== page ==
Fireplace Safety

fireplace safety

It’s getting colder outside, and the holidays are approaching. It’s also the season where the homeowners are most likely to use their fireplaces.  Based on statistics from the Chimney Safety Institute of America, approximately 23,000 house fires were caused by fireplaces or chimneys in 2013. Fireplaces provide a  great gathering place for the family on cold days, but it’s important that the fires are prepared safely so that a warm, cozy afternoon doesn’t inadvertently turn into a disaster. Here are some steps you can take to enjoy your fireplace without worry.

Clean Your Chimney Annually

The best practice here is to hire a professional cleaner to service your chimney.  This should be done every year, prior to the first use of the fireplace.  Cleaning the chimney ensures that there is no buildup of dust or old soot,  and also that no animals have taken up residence during the rest of the year.

Open The Flue and Crack A Window

ALWAYS ensure the flue/damper is open before lighting a fire. This is critical to make sure that the smoke will leave the chimney and not back up into the house. It should remain open until the fire has stopped burning completely (meaning all the embers are out). Also, if it’s possible (and not unbearably cold outside), crack a window in the same room as the fireplace to keep the air circulating in the room.  This is another way to prevent smoke from building up in the room. Breathing in the residue from the smoke can be especially harmful to older adults, children, or people with breathing problems such as asthma.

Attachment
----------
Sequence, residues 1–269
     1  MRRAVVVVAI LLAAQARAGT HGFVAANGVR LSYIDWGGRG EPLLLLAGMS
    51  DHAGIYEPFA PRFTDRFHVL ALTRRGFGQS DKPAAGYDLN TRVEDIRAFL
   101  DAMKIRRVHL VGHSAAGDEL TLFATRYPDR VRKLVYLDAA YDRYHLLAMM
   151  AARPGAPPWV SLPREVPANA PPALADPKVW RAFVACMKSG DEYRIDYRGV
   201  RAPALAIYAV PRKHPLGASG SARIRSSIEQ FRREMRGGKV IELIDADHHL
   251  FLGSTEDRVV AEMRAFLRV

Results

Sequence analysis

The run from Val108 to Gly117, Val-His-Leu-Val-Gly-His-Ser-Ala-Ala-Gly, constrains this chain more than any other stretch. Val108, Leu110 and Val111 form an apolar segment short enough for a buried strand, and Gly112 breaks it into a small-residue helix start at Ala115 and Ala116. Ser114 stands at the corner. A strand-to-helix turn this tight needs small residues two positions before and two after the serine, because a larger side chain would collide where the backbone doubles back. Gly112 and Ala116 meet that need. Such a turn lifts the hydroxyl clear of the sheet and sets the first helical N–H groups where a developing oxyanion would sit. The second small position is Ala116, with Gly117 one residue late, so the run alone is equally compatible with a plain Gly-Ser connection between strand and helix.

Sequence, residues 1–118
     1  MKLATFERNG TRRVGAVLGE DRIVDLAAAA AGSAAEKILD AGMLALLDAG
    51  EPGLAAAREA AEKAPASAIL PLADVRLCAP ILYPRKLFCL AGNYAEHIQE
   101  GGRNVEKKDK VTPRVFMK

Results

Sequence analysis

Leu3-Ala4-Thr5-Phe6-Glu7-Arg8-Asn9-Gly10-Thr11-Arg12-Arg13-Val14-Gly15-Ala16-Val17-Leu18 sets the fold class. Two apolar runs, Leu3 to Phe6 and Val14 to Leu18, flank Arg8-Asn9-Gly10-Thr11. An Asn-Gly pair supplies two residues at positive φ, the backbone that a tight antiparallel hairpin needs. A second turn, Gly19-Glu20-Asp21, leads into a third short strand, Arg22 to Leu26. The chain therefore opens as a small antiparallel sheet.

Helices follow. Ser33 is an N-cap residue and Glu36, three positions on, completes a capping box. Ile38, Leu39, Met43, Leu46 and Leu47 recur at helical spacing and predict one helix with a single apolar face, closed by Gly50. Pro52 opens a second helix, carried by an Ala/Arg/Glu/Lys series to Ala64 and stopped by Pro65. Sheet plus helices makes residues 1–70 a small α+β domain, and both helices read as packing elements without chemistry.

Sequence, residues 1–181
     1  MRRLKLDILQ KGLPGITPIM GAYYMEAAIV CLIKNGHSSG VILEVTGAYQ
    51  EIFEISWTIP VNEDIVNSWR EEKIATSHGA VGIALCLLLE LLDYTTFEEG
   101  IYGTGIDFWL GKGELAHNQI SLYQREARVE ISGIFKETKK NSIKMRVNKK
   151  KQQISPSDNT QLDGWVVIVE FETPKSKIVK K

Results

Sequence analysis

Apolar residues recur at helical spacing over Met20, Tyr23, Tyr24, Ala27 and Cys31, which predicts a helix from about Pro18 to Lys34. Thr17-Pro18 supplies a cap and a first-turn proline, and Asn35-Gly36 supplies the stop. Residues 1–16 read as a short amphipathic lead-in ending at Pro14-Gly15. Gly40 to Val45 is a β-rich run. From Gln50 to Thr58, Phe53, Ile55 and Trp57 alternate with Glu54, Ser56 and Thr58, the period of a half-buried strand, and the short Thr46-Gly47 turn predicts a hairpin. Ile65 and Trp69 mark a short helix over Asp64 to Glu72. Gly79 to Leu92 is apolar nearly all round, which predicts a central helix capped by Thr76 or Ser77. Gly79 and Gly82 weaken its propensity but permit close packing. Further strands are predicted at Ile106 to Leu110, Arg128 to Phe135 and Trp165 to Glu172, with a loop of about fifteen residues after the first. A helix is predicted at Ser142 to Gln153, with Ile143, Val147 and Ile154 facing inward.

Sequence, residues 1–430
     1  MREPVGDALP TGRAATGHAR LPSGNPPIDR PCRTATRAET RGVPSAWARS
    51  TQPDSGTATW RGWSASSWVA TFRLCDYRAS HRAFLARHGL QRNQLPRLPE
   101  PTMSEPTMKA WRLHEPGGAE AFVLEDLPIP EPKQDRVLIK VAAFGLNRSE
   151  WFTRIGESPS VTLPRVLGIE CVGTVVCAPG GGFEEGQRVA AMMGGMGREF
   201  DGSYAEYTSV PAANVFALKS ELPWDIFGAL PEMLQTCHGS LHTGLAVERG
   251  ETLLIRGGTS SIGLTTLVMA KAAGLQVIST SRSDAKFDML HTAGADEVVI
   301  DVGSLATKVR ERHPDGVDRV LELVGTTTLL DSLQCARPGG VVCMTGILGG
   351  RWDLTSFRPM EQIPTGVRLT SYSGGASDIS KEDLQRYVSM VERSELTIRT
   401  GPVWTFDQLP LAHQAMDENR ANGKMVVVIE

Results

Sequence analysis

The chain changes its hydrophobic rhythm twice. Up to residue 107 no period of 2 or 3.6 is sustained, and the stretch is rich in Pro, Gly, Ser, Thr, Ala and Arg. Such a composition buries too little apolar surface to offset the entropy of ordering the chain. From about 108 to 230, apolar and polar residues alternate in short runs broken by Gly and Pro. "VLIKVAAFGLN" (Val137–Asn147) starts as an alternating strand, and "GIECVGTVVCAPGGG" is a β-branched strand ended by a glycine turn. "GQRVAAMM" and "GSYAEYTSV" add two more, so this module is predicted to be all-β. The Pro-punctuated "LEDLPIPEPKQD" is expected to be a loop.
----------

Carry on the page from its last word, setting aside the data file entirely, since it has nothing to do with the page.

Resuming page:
Prepare the Fireplace Before Use

All ashes from previous fires should be cleaned out before putting new logs in.  In addition, the area around the fireplace should be clear.  There should be in nothing in front of the fireplace, such as piles of magazines or newspapers, or anything else flammable you might keep there.  You should also have a screen of some sort (mesh or glass) to prevent errant sparks from escaping.  The second point is especially important if you have young children who might wander too close to the fire.

Build The Fire Properly

Use a dense dry wood (oak instead of pine, for example) for your fire. Softer woods produce creosote, a tar-like substance that causes residue in the chimney and if not cleaned, can cause chimney fires. Don’t overload the fireplace with logs, and stack them on a metal grate, with the larger logs on the bottom.  To start the fire, avoid using flammable liquids and instead use kindling such as a match, newspaper, or small twigs, in order to get the logs to catch fire.

Enjoy The Fire...But Use Caution

Always be aware of any random sparks that can jump out without warning.  Also, always keep a fire extinguisher nearby in case of an emergency. Lastly, as we mentioned before, enjoy the fire but from a safe distance. Fireplaces can be beautiful heat sources and lovely gathering places, but there are subtle dangers every time you use one.  Enjoy gathering around the open hearth, but always be on alert, and practice fire safety any time you are around an open flame.